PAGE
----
Dr. Michael Smith, RCEP, Ph.D.

Assistant Professor

Phone: 530-898-5868

Email: mmsmith@csuchico.edu

Office: YOLO 279

Education

  • Bachelors of Science: Exercise Physiology. California State University, Chico (2007)
  • Masters of Science: Human Cardiovascular Physiology. University of Oregon (2010)
  • Doctor of Philosophy: Exercise Physiology. The Ohio State University (2012)

Teaching

KINE 390: Strength and Conditioning

KINE 323: Physiology of Exercise

KINE 480: Exercise Testing and Prescription

Research

Dr. Smith's lab is primarily concerned with investigating the effects of various exercise modalities (traditional aerobic/anaerobic, high intensity power training, high intensity interval training) on vascular and autonomic parameters. The lab currently has four specific areas of active research:

  • Venous thromboembolism and exercise/inactivity
  • Vascular/autonomic adaptations to high intensity aerobic and anaerobic training programs
  • Endogenous female sex hormones and integrative cardiovascular health
  • Nutrition and inflammation

Our state of the art vascular and autonomic function lab is nested within the exercise physiology performance lab. Some of the outcome variables we collect include the following:

  • Muscle sympathetic nerve activity (MSNA) via microneurography. This methodology is only employed in a select number of labs throughout the world. An electrode is placed into an efferent sympathetic nerve that controls arterial smooth muscle, and recordings are amplified and collected into a data acquisition system for later analysis. Notable diseases that are characterized by elevated MSNA include hypertension, polycystic ovarian syndrome, cardiovascular disease, and heart failure. These recordings are made at rest in a conscious human, and can be technically challenging.
  • Endothelial function via flow mediated dilation. The vascular endothelium is a very thin layer of cells that serves as the interface between moving blood and vascular smooth muscle. By using a cuff occlusion and the resulting hyperemia following the cuff release, ultrasound imaging can be used to determine the reactivity of the endothelium to this shear stress. Our lab has developed custom designed wall tracking software, intended to simplify and expedite objective analysis of recordings. Using this imaging methodology, we can also quantify blood flow to upper and lower body limbs.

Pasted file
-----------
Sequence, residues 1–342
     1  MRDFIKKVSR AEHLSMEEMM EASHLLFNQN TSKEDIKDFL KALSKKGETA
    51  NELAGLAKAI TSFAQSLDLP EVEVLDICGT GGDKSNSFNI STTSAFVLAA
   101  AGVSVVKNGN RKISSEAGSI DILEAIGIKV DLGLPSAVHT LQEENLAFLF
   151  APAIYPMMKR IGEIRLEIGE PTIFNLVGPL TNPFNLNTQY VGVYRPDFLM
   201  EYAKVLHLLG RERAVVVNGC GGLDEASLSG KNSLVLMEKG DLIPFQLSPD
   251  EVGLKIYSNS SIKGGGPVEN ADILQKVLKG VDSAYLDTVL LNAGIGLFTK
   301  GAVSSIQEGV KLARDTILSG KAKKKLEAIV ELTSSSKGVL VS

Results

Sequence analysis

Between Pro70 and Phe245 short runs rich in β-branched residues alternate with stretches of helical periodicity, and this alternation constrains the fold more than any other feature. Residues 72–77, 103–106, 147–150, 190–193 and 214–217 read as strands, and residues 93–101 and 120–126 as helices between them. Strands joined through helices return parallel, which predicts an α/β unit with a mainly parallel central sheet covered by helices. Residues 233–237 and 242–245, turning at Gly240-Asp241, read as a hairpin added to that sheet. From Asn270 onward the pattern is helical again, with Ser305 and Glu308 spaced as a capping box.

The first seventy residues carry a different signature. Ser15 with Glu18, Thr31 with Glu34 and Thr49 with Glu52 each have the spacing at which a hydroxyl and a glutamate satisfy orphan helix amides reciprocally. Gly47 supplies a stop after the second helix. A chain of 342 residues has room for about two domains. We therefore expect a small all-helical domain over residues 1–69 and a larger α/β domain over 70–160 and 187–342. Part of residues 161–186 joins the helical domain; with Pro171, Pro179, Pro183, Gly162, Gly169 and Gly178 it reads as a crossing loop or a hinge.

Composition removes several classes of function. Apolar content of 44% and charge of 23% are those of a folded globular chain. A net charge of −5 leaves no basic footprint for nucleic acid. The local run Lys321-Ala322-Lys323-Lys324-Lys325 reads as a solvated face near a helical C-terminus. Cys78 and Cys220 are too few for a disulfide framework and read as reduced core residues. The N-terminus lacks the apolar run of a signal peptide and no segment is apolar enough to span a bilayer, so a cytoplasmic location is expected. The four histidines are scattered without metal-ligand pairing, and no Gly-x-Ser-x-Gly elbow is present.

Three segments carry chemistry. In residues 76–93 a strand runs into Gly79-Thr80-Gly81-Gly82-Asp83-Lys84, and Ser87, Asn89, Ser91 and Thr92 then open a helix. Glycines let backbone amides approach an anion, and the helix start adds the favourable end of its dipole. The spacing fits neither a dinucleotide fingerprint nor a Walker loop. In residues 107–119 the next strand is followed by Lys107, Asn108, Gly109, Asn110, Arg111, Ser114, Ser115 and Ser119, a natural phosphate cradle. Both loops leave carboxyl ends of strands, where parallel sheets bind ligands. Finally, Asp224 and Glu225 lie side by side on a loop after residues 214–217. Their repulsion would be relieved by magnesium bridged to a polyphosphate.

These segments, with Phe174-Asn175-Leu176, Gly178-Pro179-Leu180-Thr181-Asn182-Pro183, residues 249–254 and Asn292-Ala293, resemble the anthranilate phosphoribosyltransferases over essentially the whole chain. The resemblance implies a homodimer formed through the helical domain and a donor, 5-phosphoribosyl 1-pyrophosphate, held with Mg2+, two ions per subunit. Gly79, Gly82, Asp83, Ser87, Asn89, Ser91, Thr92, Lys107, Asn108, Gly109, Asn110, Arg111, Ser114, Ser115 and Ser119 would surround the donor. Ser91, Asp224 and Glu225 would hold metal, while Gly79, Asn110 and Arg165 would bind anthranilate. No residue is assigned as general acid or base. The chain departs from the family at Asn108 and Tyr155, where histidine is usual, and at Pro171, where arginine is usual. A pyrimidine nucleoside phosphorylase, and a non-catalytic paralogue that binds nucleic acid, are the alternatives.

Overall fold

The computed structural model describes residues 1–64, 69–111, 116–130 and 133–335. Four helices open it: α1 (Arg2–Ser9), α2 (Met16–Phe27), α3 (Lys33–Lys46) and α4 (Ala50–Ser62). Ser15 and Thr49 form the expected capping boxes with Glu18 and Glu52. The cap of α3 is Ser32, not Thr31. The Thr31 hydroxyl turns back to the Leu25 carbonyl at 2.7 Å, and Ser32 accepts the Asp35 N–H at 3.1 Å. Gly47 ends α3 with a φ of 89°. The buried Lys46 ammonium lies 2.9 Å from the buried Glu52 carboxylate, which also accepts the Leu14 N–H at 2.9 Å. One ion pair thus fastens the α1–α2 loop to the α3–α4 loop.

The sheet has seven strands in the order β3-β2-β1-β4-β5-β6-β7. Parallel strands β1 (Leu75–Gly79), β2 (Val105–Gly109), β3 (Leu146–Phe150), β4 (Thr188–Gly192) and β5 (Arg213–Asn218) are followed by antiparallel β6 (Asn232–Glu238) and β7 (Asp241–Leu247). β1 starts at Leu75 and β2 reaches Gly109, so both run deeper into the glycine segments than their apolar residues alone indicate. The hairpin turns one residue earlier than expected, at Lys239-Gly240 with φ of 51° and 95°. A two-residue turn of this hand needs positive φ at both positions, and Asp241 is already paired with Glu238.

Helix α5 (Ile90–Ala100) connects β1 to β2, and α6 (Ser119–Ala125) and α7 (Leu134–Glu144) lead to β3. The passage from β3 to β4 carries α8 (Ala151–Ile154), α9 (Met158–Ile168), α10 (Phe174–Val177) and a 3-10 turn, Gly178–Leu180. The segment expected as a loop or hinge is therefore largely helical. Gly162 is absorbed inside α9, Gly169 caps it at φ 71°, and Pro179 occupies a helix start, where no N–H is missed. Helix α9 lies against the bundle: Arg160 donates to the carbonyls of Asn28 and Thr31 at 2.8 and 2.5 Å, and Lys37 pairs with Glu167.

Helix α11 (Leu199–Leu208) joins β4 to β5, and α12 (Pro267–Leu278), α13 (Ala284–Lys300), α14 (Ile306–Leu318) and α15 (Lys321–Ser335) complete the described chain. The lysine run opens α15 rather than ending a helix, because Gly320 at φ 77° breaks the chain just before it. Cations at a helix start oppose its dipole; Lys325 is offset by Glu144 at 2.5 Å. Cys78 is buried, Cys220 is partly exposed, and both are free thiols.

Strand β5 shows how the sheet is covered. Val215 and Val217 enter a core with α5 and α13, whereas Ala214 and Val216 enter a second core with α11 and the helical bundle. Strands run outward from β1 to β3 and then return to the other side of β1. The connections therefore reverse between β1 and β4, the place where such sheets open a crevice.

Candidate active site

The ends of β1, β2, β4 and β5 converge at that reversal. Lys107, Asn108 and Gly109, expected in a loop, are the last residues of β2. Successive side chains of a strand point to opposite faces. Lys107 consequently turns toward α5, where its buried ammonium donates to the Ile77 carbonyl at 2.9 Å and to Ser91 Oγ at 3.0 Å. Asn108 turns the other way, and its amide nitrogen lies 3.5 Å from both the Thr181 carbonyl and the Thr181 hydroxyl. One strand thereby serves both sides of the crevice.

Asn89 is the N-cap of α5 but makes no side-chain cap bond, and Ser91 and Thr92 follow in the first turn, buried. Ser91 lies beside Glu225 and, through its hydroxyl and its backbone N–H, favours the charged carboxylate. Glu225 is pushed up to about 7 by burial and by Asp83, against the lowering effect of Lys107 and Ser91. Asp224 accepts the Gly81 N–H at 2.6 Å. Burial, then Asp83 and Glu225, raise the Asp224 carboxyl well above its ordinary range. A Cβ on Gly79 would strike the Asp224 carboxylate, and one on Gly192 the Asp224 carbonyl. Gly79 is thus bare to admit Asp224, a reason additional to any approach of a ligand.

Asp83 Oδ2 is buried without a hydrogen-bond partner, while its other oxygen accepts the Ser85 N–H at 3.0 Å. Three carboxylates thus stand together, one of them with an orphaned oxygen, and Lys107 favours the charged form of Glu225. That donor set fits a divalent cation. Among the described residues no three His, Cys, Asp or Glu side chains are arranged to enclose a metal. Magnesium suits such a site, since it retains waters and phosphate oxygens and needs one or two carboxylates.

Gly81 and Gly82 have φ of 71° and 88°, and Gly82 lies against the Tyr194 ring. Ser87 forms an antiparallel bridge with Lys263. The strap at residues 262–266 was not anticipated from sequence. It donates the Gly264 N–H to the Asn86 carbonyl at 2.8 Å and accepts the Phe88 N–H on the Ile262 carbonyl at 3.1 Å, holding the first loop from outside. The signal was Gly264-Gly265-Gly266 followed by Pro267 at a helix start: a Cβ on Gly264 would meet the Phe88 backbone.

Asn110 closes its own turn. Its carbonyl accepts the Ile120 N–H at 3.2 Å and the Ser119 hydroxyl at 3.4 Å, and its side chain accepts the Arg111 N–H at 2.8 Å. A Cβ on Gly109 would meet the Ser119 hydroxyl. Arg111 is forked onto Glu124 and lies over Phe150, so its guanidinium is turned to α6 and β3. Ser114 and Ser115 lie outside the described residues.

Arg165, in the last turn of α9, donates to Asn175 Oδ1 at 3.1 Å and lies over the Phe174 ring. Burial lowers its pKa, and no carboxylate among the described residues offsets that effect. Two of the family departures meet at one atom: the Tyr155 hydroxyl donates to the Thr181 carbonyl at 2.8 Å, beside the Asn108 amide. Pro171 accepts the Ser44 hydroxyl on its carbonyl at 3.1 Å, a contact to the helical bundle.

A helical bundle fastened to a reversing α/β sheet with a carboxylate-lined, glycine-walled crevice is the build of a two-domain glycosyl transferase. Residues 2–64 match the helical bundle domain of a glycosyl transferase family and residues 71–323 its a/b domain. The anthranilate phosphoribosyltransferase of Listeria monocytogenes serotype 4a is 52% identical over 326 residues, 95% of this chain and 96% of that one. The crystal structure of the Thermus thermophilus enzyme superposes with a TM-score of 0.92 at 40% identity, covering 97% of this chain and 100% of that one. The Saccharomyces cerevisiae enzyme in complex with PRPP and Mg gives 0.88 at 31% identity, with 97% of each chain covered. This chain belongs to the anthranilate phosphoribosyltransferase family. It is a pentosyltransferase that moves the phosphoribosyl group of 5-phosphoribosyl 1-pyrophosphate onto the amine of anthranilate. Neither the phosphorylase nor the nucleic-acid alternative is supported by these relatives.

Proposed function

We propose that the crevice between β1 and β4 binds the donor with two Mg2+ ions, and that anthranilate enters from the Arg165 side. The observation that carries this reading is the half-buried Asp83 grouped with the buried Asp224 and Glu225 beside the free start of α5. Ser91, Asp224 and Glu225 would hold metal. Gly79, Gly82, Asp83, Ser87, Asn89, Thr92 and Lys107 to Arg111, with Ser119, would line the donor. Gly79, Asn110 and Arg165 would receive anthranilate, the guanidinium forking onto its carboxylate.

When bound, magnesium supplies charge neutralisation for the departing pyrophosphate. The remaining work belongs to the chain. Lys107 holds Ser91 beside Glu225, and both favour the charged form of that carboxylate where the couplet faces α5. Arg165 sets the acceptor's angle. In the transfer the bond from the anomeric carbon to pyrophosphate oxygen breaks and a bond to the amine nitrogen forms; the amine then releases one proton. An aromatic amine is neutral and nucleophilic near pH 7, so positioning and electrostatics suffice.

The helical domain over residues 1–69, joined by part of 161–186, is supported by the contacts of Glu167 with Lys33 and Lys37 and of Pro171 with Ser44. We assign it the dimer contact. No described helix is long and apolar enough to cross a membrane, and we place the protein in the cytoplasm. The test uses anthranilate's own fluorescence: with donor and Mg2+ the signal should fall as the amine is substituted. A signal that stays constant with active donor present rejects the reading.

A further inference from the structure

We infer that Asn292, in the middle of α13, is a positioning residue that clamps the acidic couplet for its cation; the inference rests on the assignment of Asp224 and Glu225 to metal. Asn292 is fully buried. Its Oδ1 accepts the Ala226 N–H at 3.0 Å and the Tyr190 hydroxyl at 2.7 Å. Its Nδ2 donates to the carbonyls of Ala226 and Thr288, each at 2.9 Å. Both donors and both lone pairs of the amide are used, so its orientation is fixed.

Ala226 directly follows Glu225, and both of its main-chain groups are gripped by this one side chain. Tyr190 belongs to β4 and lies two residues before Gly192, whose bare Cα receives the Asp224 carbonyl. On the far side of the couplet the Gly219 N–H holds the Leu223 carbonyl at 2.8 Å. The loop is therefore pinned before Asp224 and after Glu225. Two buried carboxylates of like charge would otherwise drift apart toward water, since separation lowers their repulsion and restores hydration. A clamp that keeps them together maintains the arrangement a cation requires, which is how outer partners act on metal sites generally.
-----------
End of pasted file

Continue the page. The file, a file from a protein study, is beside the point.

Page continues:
• Blood viscosity via cone and plate viscometer. Important markers of the viscosity of blood include whole blood viscosity, plasma viscosity, red cell rigidity, plasma protein concentration, and fibrinogen activation. Using an intravenous catheter, blood samples are drawn and analyzed immediately or frozen in a -80 degree freezer for later analysis.
  • Data acquisition of analog voltage signals. Anything that outputs an analog signal can be captured using WinDAQ software/hardware data acquisition. Other labs or research projects could benefit from the ability to sample these signals at 250 Hz and beyond. 

The lab is currently accepting applications from motivated undergraduate and graduate students who wish to learn about integrative cardiovascular physiology. Select students will participate in weekly lab meetings, learn one or more of the above methodologies, and present their research at regional or national scientific conferences, as well as be eligible to author manuscripts for submission to peer reviewed journals. 

Personal Interests

Like many kinesiology faculty and students, I’m primarily interested in anything that involves exercise. Bicycling in any form (mountain, road, commuting) is a longtime favorite. Attempting to catch and land fish out of a sea kayak on high sierra lakes, as well as upland bird hunting are also on my list of favorites. I also suffer from an insatiable desire to fix and maintain anything mechanical. I’m also an Olympic weightlifting addict. When I’m not exercising, I can be found listening to the Grateful Dead, reading Thoreau, or listening to the “Thomas Jefferson Hour” podcast. It is also my closely held belief that exercise should be harnessed for useful work, and during the summer, you can find me with a chainsaw and woodsplitter deep in the woods. I’m also obsessed with dehydrating various fruits and vegetables (as well as gardening). Drop by and sample the latest batch of dehydrated fruit!